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  8. i read a good article about this several years ago, but it's good to have a reminder.

    the article talked about discussing expectations of behavior before a new experience. just telling your kid to "be good" means very different things depending on the situation-say church or the playground. so you have to tell them the behaviors you expect for "being good".

    i still struggle when my boys make loud observations that they don't realize are rude. like ben at the endocrinologist's office-"there are a lot of really big people in this room." cringe.

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  9. My husband and I have thought a lot about discipline and how we're going to handle it as our kiddo gets older (he's 18 months). Whenever we redirect him, we always try to give him reasons in simple language. We also try to key him in on the feelings of the people he's doing things to ("Don't pull hair hair. It hurts. Mommy is sad when you hurt her," etc.) But I imagine that it is frustrating as they get older because they pick up so much and you're not even sure where they got it. You don't know what they've learned by osmosis, at school, etc. But yes, remembering that kids don't automatically know is key!

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  10. Ha I'll try to remember this as Madelin gets older. Oh, by the way, I thought (just for second) that the picture of the baby and the screwdriver was yours! Then I looked again...knew you wouldn't let one of your do that. If ya have time click on over to mine and let me know if you have any suggestions. They would be greatly appreciated.
    http://ashandandrew.blogspot.com/2011/07/stick-fork-in-me-cause-im-done.html

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  11. I don't think that's an obvious thing! But definitely a great thought to keep in mind with parenting. Isn't it great that you get to help Kaylee learn common sense? :)

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  12. This is a great post! I think it's important to find the balance between explaining why kids are asked to do something but also them trusting their parents and obeying even if there isn't an explanation sometimes!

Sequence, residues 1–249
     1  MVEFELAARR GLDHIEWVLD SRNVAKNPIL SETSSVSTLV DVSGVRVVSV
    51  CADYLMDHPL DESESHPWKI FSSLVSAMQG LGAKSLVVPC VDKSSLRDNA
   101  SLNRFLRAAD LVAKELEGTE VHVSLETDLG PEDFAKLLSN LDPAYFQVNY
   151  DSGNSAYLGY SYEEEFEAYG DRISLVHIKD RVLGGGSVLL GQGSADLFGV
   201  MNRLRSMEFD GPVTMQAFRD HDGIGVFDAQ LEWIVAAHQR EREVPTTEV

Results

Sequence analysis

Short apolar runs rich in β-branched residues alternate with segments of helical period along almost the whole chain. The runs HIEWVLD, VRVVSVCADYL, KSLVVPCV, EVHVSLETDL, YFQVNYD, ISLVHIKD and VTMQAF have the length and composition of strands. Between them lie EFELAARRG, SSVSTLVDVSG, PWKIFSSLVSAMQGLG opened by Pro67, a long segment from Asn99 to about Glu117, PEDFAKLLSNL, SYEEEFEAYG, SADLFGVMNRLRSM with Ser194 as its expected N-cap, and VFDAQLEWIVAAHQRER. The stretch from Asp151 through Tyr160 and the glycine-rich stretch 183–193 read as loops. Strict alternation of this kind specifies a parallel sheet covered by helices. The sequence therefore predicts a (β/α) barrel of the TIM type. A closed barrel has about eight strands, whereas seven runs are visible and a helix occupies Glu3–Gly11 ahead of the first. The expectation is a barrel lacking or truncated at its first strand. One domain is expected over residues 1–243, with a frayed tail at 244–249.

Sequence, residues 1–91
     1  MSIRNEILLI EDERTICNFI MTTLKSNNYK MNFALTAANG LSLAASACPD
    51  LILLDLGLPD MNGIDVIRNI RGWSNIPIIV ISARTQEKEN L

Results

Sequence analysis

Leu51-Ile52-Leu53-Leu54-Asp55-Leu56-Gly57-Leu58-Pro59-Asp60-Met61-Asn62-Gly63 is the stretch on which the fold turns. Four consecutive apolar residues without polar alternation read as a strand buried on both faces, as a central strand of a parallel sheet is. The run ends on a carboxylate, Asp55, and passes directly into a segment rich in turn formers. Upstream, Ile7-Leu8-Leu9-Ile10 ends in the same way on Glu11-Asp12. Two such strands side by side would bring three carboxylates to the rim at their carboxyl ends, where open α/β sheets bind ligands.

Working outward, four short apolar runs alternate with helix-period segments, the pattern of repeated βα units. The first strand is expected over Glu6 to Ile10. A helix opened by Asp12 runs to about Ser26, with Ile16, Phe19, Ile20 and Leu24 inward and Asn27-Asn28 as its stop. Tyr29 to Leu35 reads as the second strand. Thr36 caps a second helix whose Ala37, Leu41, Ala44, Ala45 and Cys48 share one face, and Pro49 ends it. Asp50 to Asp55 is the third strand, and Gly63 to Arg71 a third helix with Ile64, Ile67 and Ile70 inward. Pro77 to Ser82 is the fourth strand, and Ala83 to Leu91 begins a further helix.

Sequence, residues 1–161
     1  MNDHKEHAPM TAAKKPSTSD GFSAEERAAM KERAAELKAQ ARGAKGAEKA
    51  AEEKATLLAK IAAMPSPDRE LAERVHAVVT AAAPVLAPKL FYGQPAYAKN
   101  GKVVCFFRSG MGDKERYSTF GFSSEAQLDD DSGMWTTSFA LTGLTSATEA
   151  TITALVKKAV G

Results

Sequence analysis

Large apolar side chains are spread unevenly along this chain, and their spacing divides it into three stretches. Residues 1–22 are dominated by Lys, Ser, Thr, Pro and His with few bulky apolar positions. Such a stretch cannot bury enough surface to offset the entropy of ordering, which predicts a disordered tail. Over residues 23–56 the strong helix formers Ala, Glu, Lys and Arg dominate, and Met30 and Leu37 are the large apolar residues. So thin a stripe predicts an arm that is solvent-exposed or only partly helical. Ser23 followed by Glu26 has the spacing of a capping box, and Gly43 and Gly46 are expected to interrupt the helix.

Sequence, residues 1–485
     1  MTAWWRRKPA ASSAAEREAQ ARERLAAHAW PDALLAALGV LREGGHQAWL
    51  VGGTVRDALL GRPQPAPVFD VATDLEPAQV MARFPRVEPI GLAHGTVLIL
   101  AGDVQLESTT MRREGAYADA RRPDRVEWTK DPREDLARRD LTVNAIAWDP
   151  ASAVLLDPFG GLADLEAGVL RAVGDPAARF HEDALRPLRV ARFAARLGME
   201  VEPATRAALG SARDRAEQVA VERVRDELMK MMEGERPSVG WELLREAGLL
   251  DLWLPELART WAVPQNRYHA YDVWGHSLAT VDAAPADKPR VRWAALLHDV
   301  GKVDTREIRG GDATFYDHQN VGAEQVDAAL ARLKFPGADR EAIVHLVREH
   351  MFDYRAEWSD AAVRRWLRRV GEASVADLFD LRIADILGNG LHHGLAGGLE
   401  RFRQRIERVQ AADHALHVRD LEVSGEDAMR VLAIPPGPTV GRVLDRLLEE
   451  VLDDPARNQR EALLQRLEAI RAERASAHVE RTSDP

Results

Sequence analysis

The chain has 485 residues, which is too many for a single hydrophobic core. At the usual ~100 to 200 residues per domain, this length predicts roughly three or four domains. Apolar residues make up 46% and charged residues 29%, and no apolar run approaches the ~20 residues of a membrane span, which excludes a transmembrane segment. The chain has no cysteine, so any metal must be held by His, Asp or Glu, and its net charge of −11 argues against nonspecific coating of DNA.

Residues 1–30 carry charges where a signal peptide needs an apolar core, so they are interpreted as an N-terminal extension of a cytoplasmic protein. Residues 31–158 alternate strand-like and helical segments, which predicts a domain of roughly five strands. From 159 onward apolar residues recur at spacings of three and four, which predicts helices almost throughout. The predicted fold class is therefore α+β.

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  13. Love this! So true!! I really appreciate this post....it makes sense and sounds like something I should try when dealing with my kiddos. Sometimes I forgot that they don't have the common sense skills that I (sometimes) do. :)

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  14. Great post Megan. THANKS!!! I really needed this.

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  15. One of the things that amazed me most as a new mother was how my child had to learn EVERYTHING. From focusing on objects across the room to using his hands, it seemed like there was nothing he knew how to do.

    This is such a good reminder to keep teaching him as he grows!

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  16. Hi Megan --

    I think I'm finally ready to get back up to speed with the blogs, so I'm glad to be catching up on yours!

    I think you're totally right about spelling out expectations, and -- honestly -- I think the same is true for adults. Sure, they may not need as much in the way of explanation like "spilled crumbs will make bugs come," but I think too often we expect people to be psychic and know what we want, and then they don't. So good life lesson, and great reminder for all of us!

    Thanks!!

    xoxo,
    tanja

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  17. It is so hard not to snap sometimes when we forget that they are not aware of the situation. I think it's a lesson in progress for both us and them.

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  18. Oh Megan, I have SO been there. I always feel terrible after because of course my 2 year old doesn't understand. It's just part of being a parent. I always try to breathe and step back and say if I could do that over again, what would I do differently and I'd do exactly what you would do, talk to them and explain. Oh and I pray for patience.....EVERY DAY.